Given the way the brain processes information, we can't trust that our minds are giving us a faithful rendering of our experience. Streams of data from our senses are combined with our memories, expectations, and even desires before we become consciously aware of what's going on in the world.
And conscious awareness isn't all it's cracked up to be either. The pioneering work of Tversky and Kahneman on decision-making has established just how flakey our minds are. We are afflicted with biases, ignore basic statistical principles, and are overly influenced by the last piece of information we've been exposed to.
That's why scientific method is so important. It drives us to seek out objective sources of information, focus on hard data, and validate our assumptions. And nowhere is this more important than when it comes to formulating and executing business strategy. We need to compensate for our inevitable subjectivity, gather data, and formulate and test our hypotheses.
Neuroscience provides us with hard data about the tool we use to think about our businesses--the human mind. And it provides us with hard data about how we need to lead the people that are the business. But this new science is recently coming under fire for overreaching.
The latest salvo comes from Robert Shulman, one of the pioneers in neuroimaging. He argues that while we may have discovered the neural basis of consciousness, that doesn't mean we know anything about how it actually works. He believes such an understanding is beyond the scope of scientific inquiry.
I started my professional training as a scientist preparing to be a psychiatrist. But after a stint working in a state mental hospital with chronic schizophrenics, I quickly realized how little the science could elucidate the experience of my patients or alleviate their suffering.
So I turned to narratives, which I found far more enlightening and useful, and specialized in understanding how they're created and how they work on the human mind. I am a professionally trained literary critic.
Most cognitive scientists now agree that the mind works through narratives and that they are the basic "stuff" of consciousness. The recent discoveries of neuroscience and other related disciplines, like evolutionary biology, give us the mechanism by which narratives work.
Narratives are ways of structuring our experience over time. Of all the potential stories existing in the mind, we become conscious of the one that best fits our mental and physical environment. When we entertain the narrative, it then drives our thinking and behavior.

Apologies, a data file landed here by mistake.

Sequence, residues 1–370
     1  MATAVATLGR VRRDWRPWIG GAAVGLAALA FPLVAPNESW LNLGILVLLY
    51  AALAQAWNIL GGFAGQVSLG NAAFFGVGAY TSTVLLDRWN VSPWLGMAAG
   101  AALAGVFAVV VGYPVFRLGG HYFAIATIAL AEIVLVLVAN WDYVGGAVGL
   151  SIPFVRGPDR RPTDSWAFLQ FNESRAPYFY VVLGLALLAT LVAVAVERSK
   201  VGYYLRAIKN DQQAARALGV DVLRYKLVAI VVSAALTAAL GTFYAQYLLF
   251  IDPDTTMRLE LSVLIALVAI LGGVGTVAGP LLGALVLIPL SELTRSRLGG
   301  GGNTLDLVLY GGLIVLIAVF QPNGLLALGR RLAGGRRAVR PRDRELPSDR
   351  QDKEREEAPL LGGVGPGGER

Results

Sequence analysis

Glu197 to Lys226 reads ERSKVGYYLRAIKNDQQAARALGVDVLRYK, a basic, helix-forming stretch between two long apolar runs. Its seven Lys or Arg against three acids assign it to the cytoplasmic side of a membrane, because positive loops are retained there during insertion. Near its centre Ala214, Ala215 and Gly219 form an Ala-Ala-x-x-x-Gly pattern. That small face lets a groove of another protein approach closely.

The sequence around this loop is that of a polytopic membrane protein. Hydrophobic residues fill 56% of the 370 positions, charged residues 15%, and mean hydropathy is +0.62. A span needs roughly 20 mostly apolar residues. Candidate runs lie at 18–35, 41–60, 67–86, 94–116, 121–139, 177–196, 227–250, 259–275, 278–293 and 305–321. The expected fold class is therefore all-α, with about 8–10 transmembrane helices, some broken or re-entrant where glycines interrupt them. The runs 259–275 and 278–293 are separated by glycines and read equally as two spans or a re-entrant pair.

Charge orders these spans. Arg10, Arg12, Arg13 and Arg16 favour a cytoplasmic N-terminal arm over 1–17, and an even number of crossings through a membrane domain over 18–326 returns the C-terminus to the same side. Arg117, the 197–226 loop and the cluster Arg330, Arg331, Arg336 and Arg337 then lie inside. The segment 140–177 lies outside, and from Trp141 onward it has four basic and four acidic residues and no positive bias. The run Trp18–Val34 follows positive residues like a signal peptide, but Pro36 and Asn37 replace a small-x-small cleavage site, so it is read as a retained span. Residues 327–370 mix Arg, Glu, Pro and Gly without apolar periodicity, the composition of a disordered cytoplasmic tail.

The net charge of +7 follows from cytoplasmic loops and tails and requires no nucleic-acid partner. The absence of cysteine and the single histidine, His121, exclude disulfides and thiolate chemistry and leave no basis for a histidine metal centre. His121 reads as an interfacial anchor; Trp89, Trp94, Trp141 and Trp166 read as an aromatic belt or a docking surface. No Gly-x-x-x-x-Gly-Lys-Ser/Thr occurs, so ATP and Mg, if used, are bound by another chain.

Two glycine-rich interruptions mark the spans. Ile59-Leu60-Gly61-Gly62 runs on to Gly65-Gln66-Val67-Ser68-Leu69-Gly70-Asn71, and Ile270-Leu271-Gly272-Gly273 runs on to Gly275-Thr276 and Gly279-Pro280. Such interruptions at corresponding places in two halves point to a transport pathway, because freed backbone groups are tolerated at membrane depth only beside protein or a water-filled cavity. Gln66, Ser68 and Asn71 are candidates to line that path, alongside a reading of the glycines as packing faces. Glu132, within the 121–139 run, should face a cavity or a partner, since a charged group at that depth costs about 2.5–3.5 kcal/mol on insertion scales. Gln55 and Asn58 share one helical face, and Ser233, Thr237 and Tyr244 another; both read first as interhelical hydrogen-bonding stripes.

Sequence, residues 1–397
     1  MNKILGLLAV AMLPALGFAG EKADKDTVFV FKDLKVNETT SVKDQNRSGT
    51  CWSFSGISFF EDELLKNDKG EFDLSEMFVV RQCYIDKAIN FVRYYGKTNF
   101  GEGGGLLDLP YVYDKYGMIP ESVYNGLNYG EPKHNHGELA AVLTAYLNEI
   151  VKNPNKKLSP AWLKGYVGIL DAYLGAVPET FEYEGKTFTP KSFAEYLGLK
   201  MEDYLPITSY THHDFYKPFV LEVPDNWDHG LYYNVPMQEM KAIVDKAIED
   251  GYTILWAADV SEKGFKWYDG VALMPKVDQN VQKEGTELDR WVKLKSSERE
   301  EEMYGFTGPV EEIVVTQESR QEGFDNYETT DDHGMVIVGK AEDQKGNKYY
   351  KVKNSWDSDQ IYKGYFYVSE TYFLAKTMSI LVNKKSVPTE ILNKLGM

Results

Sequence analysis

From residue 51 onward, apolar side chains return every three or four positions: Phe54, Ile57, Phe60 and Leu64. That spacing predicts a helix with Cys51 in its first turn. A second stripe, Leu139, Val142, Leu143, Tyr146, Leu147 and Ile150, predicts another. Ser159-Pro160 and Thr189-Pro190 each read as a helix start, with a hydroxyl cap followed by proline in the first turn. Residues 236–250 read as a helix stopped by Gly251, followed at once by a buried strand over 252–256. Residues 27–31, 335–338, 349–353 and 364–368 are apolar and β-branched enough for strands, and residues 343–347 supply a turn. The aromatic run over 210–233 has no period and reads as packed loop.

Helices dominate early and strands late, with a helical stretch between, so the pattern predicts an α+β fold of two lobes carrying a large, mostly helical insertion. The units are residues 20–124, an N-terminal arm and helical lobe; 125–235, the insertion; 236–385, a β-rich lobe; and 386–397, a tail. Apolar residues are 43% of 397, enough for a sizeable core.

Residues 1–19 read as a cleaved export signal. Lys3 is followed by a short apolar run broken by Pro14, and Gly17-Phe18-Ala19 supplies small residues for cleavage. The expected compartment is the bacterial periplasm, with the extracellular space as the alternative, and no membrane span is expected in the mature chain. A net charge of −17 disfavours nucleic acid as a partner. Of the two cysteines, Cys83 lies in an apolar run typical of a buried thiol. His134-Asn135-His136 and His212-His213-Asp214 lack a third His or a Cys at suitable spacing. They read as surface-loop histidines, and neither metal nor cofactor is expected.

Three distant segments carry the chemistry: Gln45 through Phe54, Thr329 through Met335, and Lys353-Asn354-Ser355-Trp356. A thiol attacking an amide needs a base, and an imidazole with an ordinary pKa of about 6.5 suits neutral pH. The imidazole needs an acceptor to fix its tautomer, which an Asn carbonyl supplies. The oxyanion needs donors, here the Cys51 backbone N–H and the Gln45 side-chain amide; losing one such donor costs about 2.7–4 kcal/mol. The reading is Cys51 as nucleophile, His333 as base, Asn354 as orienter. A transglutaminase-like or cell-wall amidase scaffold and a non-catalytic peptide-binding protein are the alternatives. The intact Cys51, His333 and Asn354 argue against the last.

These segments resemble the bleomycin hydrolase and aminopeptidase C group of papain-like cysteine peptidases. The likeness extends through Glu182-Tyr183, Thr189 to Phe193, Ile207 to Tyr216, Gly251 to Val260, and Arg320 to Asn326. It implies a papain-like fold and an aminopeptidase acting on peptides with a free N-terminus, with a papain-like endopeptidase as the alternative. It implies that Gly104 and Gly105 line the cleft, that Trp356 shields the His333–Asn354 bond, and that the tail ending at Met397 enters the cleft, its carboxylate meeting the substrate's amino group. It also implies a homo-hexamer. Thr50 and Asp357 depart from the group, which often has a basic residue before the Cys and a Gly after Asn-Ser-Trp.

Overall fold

We make our decisions with both emotion and reason, as we can see from brain scans, and narratives, contrary to logical argument, address both. The unexpected in the form of dissonance stops the automatic processing of the brain and activates the network that allows us to see wholes, or the big picture if you will. This is a precondition for changing the way we make sense of the world and for changing our thinking and behavior. Narratives pivot on dissonance.
When we want to improve the performance of a business, we need to change how it operates, and that requires changing the thinking of the people that are the business. Neuroscience can give us the mechanism and explain how it works.
But neuroscience can't tell us what the narrative should be. It can't distinguish between powerful narratives and weak ones, or those that reinforce the status quo and those that fundamentally transform the way people look at the world. Those distinctions are the province of art.
Crafting and telling the story that will transform a business organization is a creative act, but one that the study of art enables us to execute with skill and discipline.
Approaching the transformation of a business scientifically is a huge advance over just heeding the conventional wisdom. But it's not sufficient by itself. While science can give us the "what" and the "why," we need art to give us the "how."